Fringe Box



Letter: Plan for Solar Farm is Not Good for Our Environment

Published on: 30 May, 2023
Updated on: 12 Jun, 2023

Photo updated. AONB / AGLV / green belt land west of Blackwell Farm where a new road for the proposed solar farm is planned.

From: John Oliver

Save Surrey Countryside

We have, belatedly, heard about the University of Surrey’s (UoS) proposal to place a solar panel array on its land at Blackwell Farm, off The Hog’s Back.

The “About us” page of UoS’s Centre for Environment and Sustainability starts with the laudable statement that “The Centre for Environment and Sustainability (CES) is an internationally-acclaimed centre of excellence on sustainable development.”

This might well be the case.  However, perhaps the centre should send its papers to the UoS central administration, as part of its education programme.

UoS has submitted a planning application (22/P/02178) to Guildford Borough Council (GBC) requesting planning permission, for 35 years, for an array of solar panels which will provide part of the campus’s energy needs.  We understand this is due to be considered by the Planning Committee on June 21.  All good, so far.

However, UoS is proposing to site the array on Blackwell Farm, just off The Hog’s Back.  The land that it proposes to use is Grade 2 and 3 agricultural land.  So, it would deprive the borough, the county and the nation of yet more food-producing land.

This is concerning.  We may have noticed the shortages on supermarket shelves and the heavy cost, to the less well off, of food inflation which is running at 19.1 per cent.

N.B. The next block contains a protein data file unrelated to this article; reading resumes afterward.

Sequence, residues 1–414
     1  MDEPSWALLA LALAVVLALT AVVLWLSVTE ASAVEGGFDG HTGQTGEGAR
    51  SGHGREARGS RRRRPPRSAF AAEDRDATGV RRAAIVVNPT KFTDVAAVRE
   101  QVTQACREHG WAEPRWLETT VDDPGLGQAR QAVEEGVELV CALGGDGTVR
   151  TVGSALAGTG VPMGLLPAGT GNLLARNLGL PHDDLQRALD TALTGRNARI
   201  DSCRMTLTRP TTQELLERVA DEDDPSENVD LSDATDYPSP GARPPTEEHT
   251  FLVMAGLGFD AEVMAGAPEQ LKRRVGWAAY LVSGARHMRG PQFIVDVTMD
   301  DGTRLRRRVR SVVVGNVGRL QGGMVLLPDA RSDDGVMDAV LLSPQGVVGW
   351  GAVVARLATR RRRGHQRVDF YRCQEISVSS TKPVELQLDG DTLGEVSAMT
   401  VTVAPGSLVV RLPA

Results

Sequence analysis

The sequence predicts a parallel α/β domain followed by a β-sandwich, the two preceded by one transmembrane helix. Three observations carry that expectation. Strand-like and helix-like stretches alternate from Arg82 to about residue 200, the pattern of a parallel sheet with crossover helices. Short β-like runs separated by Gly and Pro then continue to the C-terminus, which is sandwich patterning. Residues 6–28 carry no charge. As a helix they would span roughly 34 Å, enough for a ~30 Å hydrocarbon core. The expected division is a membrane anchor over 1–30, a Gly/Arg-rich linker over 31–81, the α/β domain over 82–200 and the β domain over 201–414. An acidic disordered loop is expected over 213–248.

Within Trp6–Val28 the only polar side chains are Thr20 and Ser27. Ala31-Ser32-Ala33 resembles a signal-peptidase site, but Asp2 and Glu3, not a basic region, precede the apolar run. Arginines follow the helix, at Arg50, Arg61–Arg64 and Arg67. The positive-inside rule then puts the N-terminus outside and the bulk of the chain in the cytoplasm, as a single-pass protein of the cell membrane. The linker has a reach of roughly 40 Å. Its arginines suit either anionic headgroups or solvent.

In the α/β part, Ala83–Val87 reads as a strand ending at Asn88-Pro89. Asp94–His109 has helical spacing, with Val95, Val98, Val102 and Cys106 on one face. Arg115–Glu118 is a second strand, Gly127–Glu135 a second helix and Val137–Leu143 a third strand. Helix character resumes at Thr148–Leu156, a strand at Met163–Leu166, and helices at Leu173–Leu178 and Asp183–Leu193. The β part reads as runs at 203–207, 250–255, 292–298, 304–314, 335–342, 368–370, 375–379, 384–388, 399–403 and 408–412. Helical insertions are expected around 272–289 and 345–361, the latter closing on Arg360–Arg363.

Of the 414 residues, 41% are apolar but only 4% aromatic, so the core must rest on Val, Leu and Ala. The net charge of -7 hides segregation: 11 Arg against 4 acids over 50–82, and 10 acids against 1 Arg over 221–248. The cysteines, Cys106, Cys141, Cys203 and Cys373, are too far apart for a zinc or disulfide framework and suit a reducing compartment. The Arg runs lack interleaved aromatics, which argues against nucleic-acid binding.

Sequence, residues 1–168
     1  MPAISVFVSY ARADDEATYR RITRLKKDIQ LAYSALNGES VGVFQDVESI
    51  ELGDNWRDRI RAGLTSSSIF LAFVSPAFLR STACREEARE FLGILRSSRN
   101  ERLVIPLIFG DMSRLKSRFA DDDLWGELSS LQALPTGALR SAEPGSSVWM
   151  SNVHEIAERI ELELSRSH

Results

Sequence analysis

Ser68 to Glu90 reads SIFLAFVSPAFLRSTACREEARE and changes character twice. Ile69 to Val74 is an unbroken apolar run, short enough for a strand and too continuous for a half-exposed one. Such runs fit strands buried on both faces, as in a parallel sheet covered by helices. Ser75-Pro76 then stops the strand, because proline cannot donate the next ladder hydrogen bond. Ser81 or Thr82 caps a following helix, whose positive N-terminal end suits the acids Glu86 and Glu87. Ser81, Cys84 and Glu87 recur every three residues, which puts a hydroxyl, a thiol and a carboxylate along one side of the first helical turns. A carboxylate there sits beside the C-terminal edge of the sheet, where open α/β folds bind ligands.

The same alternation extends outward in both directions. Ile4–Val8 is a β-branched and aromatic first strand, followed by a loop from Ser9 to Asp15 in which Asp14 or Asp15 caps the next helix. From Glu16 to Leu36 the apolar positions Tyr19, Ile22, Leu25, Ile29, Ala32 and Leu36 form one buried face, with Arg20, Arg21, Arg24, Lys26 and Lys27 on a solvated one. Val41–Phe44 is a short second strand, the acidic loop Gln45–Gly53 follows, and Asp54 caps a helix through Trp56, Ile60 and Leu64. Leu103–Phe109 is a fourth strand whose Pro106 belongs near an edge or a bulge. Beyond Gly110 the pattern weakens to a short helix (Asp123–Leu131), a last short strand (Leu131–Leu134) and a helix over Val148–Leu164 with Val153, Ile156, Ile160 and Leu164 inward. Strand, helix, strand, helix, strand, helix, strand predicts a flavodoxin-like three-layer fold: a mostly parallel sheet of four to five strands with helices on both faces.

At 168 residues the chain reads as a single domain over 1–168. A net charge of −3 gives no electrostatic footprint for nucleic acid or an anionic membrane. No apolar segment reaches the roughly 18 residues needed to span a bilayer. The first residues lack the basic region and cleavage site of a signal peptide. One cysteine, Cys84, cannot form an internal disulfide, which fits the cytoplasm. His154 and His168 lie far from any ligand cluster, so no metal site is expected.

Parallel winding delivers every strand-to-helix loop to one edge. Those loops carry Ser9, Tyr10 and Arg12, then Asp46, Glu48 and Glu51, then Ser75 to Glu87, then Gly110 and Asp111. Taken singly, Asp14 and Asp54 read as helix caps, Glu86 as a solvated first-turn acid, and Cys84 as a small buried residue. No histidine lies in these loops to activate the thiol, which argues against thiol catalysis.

Still, one could argue that solar power-generating equipment in one area might be more beneficial, long term, than the loss of potential food production.  We will never know the answer to that.

What we do know, though, is that UoS has over 30 buildings in the research park and 100 on the main campus.  It also has vast car park areas.  Given the government’s aim that developed/brownfield sites should be used first for such arrays, it doesn’t take much of a leap of imagination to realise that the buildings and the car parks (ie panels elevated above the car parks) should be the first port of call for UoS’s solar panels.

Car park solar arrays are embraced in other places.  So why not at UoS?  They provide shade for vehicles and people alike in hot, rainy and snowy weather.  In hot weather, instead of heat being absorbed and released into the surrounding area from buildings and large areas of bitumen, giving a “heat island” effect (local heat hotspots), the energy is absorbed and converted into electricity.  

In addition, cars parked in sunshine can, according to the University of Arizona, lose up to 1 litre of petrol a week.  It doesn’t sound a lot.  However, multiply that by the hundreds of cars parked at UoS and it begins to add up to a lot of petrol.  Yes, many cars are now electricallypowered, but petrol-driven is still in the majority.